There are a lot of things to love about Costa Rica. It has great weather, tremendous biodiversity, no army, and top-notch education and health care. Now, the Country is also even greener than ever. According to Costa Rican Electricity Institute (ICE), the country has produced 100 percent of its electricity without fossil fuels for the first 75 days of 2015. Wind, solar and biomass got a strong boost from hydropower, which benefited from heavy rains.   Costa Rica made a decision and it is determined to become, as a country, carbon-neutral by 2021, which seems an achievable goal given that the country is currently meeting around 95% of its energy needs from renewables, most of sourced from hydroelectric power plants, geothermal energy, wind farms, and biomass.   This is a remarkable decision if we see the general numbers from the biggest countries in the technology business and the energy sources they use to generate electricity. In a quick analysis, we can see that “dirty” energy sources are the main ones:   India: Close to 65% of the electricity used in 2014 were not clean, being coal the most important one (62%), and the others petroleum (0.5%) and Nuclear (2.5%)   […]


One additional aspect that is usually overlooked when choosing an outsourcing location and more specially when defining your outsourcing partner, is the cultural difference between countries and companies. Let me elaborate a little bit more on this.   The Cultural Barrier Challenge:   The effect of different cultures may affect the communication process and the easiness needed to work effectively in an agile world.   Cultural barriers can be evident, or much subtler, such as when, “We may have problems implementing this” may actually be a polite way of saying, “We cannot do this…” or “I don’t have a clue on how to do this”    Other cultural barriers arise when finer points or nuances are misunderstood due to thinking within a different framework, specially when project failures or problems occur, and the need to communicate setbacks arise.   Many of our clients have had previous experience working with countries in the other side of the world and the cultural part has been an issue that occasionally have created  unforeseen problems that are hard to solve. In some cases, asking questions is seen as something “bad” from the provider side, or “a disrespect to the client who is explaining requirements”. Same thing […]


The outsourcing experience and agile development involve challenges that are faced in the day-to-day operation. We will be writing about the most important ones, based on our experience working with US clients for the last 10 years.   1- Communication:    This involves language barriers and sometimes the need from many offshore firms to have onshore “point people” who speak “understandable” English. This is often a sign that the day-to-day dealing with offshore project managers, or engineers, will frequently breaks down.    Big differences in time zones also often hinder the communication process because the provider’s team will be working while the client’s team is sleeping and vice versa.   There’s an additional critical factor regarding communication. It is not just a matter of the language or the time zones. The “I feel good communicating with these guys” is something that goes beyond the right command of the English language. It is the “I understand what you mean and what you want. You understand what I mean so we can start working right away, with no delays translating or explaining more than needed”.   Something that our clients value tremendously is how easy is to communicate with our engineers. Their capacity […]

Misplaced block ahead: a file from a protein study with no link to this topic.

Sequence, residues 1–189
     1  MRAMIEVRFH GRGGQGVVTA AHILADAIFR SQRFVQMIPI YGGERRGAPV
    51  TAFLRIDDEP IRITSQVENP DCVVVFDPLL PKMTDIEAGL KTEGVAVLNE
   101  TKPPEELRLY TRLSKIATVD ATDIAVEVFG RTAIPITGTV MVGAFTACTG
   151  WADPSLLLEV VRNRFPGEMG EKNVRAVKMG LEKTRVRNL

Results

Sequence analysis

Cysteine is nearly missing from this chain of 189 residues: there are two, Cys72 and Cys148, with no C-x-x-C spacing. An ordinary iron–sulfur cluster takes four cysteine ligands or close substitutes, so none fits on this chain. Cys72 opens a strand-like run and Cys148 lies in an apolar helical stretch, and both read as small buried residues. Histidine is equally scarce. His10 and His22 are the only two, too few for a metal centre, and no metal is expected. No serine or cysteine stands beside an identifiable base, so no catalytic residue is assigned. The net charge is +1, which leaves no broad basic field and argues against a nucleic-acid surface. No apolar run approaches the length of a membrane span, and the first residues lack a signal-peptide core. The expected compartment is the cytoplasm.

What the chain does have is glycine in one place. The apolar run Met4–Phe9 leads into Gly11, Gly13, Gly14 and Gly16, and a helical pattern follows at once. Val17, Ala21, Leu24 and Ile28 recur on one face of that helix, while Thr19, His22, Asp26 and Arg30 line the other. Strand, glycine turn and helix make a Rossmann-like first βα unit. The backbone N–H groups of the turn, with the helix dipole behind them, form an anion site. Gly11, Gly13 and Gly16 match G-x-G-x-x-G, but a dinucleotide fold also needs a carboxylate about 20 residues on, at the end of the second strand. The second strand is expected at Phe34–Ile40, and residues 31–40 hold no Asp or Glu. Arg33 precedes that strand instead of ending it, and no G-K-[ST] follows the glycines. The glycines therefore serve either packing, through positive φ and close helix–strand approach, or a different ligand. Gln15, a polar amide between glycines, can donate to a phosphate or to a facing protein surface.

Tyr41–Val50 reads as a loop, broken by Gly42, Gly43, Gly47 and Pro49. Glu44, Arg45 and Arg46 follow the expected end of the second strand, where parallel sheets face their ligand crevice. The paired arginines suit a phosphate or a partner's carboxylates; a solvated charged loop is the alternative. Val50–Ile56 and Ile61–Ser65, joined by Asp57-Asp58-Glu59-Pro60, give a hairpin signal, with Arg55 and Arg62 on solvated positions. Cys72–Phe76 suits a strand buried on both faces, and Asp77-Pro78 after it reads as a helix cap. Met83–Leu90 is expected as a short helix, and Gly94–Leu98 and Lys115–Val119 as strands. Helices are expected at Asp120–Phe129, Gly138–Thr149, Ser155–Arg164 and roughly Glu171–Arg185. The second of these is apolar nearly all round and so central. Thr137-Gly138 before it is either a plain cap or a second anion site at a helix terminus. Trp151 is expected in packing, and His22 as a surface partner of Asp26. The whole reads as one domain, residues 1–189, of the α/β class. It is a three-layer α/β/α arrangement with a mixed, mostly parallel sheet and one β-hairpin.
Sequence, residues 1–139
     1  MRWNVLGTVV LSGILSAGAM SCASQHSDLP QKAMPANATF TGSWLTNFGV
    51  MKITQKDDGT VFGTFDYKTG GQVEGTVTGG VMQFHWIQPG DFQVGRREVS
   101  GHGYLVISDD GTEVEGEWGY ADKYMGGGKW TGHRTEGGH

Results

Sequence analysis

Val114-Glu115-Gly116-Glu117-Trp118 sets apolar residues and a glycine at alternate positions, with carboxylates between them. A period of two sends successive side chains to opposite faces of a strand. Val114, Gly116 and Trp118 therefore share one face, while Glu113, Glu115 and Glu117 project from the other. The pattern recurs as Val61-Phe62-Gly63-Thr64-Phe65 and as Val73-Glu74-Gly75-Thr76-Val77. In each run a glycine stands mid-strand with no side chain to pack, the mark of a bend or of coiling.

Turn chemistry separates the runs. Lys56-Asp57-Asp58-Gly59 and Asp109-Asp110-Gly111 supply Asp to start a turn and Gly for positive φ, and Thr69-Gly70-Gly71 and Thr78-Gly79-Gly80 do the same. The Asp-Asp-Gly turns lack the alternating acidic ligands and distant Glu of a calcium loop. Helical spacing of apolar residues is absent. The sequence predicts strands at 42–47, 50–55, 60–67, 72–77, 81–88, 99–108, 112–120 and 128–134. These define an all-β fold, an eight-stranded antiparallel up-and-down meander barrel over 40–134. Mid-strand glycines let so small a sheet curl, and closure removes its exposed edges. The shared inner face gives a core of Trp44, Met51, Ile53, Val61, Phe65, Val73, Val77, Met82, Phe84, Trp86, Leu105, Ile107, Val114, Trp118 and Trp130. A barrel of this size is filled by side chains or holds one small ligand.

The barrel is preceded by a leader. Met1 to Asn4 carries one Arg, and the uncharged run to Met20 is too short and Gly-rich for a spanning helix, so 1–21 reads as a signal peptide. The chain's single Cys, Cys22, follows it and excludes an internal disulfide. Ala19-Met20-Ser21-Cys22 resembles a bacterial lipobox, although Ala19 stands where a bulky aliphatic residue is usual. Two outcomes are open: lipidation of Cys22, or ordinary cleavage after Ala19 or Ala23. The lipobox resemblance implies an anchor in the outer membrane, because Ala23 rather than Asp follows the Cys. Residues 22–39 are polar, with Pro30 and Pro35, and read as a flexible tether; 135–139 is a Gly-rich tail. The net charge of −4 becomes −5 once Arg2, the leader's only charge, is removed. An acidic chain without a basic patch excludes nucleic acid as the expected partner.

We, at Proximity, adopted Agile back in 2005 and have been working with it since then.   Agile is the label given to a growing number of methodologies with names like Scrum, Crystal, Adaptive, Feature-Driven Development and Dynamic Systems Development Method (DSDM) among others.   These new development approaches are based on the premise that if you have competent developers, you can presume that they know how to write code. The problems your developers encounter, therefore, aren’t coding or technical issues and most likely will be organizational and communicational ones, and those are what the agile approaches attempt to address.   This is definitively a process where the culture of the organization weighs a lot to have an effective working model, and the way the client has been traditionally involved changes dramatically. If on top of that you add another factor like having resources out of your location, under an outsourcing model, the concept is even more interesting and challenging.   The question many clients ask us when thinking of outsourcing and Agile development is: How can I have a collaborative, flexible, rapid and adaptive model when my team, or part of it, is located thousands of miles from my office, […]